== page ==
By Shelley Sturgeon
Some great articles for you again this week.
Also, please note that we’re shaking things up a bit here at The Book Designer and have reorganized our publication schedule. You will now find all of our contributing writers’ articles on Mondays along with our very popular e-Book Cover Design Awards posts. On Fridays, we will be featuring our This Week in the Blogs and Carnival of the Indies posts starting with Self-Publishing: Carnival of the Indies Issue #115 on Friday, April 24th.
Hope you’re able to enjoy the weekend. It’s hard to do if you’re cooped up and separated from all your favorite people. Have some chocolate. Maybe that will help? No one would blame you under the circumstances, right?
Anne R. Allen on Anne R. Allen’s Blog… with Ruth Harris
Why it’s so Tough to Write Now: Tips for Dealing with Our Collective Grief
“There are a lot of jokes out there right now like the cartoon in The New Yorker showing a young woman saying something like “I couldn’t decide whether to work on my novel or my screenplay, so instead I ate three bags of chips, then lay on the floor screaming.””
Cathy Yardley on Writer Unboxed
Productivity vs. Chaos: How to Hit a Balance
“There seems to be two prevailing attitudes when it comes to the pandemic.”
Dave Chesson on Indie Reader
7 Mistakes to Weed Out When Editing Your Writing
“Editing your own work can be a nightmare. Trust me, I know. I’ve been trying to figure out ways to improve my craft, and I figured what better way to learn than to do some research and write about it? So let’s learn about this together–after all, as authors we have to stick together.”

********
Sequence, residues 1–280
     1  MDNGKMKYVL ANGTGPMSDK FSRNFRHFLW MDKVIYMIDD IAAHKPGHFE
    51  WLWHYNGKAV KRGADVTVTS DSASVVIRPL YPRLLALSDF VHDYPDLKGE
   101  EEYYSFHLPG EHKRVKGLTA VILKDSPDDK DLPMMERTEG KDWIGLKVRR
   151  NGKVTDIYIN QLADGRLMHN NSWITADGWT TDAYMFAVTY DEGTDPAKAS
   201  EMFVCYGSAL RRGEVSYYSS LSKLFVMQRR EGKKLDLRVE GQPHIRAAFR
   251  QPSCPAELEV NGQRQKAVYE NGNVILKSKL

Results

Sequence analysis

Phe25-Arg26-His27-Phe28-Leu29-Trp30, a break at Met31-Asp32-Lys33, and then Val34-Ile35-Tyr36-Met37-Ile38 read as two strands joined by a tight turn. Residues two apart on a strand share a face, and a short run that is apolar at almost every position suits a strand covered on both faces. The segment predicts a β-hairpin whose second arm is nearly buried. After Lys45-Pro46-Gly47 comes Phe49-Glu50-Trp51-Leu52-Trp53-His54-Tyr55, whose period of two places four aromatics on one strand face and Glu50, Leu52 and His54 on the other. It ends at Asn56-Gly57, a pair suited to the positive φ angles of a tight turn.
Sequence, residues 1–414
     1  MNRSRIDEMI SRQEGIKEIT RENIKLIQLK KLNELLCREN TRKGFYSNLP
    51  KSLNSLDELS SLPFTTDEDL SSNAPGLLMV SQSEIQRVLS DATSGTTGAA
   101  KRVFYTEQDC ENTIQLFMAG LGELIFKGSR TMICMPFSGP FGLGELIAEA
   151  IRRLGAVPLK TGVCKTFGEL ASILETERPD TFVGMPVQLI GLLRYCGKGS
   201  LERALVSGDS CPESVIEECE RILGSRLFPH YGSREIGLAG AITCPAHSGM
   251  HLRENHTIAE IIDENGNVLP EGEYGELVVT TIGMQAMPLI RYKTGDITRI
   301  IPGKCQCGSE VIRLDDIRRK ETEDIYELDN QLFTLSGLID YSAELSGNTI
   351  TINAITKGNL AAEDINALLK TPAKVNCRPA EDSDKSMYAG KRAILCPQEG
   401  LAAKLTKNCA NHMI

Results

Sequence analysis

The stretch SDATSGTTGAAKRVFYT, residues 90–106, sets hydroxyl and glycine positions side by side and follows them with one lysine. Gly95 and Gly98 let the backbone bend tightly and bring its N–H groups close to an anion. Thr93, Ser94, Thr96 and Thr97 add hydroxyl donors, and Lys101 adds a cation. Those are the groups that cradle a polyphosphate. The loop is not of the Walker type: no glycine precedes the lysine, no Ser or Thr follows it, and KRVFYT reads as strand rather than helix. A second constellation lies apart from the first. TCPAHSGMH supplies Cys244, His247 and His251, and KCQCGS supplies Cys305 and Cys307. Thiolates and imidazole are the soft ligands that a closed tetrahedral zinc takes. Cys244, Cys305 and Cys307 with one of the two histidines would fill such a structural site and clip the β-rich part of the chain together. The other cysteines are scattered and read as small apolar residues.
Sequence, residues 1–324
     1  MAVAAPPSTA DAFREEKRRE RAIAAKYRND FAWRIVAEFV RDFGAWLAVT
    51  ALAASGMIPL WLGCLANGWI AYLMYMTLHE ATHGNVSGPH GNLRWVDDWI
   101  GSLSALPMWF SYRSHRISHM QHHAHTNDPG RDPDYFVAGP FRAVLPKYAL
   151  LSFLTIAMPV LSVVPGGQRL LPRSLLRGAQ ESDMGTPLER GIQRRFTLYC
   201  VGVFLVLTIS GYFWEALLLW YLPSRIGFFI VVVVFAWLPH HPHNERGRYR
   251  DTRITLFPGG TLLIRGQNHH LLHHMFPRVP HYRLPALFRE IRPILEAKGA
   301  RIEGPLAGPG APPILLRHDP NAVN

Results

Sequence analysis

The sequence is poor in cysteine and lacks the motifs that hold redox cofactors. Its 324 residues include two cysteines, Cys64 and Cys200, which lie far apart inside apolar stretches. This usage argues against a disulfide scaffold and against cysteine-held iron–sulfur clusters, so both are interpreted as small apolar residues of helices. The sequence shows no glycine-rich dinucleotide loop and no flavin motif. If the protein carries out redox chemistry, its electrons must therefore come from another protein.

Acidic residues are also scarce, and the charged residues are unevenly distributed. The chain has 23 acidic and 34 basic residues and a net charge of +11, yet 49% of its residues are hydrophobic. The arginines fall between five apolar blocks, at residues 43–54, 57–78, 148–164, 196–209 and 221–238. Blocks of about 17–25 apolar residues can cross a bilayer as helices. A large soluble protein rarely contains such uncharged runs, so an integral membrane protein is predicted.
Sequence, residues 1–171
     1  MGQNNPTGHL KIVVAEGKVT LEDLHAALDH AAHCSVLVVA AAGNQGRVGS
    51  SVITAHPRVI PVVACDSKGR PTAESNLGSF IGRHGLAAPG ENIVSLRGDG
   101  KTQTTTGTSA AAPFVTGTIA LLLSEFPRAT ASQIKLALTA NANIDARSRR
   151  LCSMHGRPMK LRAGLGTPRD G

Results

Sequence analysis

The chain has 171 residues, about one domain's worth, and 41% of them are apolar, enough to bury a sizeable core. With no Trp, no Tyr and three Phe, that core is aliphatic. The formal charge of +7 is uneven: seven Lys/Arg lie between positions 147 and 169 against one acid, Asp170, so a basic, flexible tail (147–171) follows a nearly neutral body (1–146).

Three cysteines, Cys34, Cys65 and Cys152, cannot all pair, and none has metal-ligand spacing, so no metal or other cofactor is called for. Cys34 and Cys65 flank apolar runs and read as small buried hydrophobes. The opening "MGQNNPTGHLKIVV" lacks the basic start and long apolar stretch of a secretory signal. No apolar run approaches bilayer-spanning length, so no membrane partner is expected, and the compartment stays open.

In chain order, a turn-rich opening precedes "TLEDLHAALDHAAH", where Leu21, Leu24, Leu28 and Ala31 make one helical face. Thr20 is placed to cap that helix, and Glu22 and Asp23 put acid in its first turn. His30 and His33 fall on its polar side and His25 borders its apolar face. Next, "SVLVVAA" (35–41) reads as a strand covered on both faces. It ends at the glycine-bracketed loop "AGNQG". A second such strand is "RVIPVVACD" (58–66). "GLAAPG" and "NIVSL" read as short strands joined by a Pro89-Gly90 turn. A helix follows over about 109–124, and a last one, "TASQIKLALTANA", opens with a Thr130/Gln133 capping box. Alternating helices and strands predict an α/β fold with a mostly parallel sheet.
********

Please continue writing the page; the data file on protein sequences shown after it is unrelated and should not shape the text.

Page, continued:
Brian Jud on BookBaby Blog
How To Expand Your Market To Sell Your Children’s Books
“The market for children’s books is potentially huge, and while most authors approach this enormous opportunity by trying to sell their books through bookstores (bricks and clicks), there are other options.”
John Doppler on ALLI’s Self-Publishing Advice Center
Friends Don’t Let Friends Use Vanity Presses
“Vanity presses are frequently substandard publishers and incompetent marketers — but they are masters of manipulation. They have honed the art of the sales pitch to a fine edge, and they know exactly what buttons to push to appeal to a novice author’s hopes and insecurities. The end goal is not to sell books to readers, but to sell overpriced services to authors.”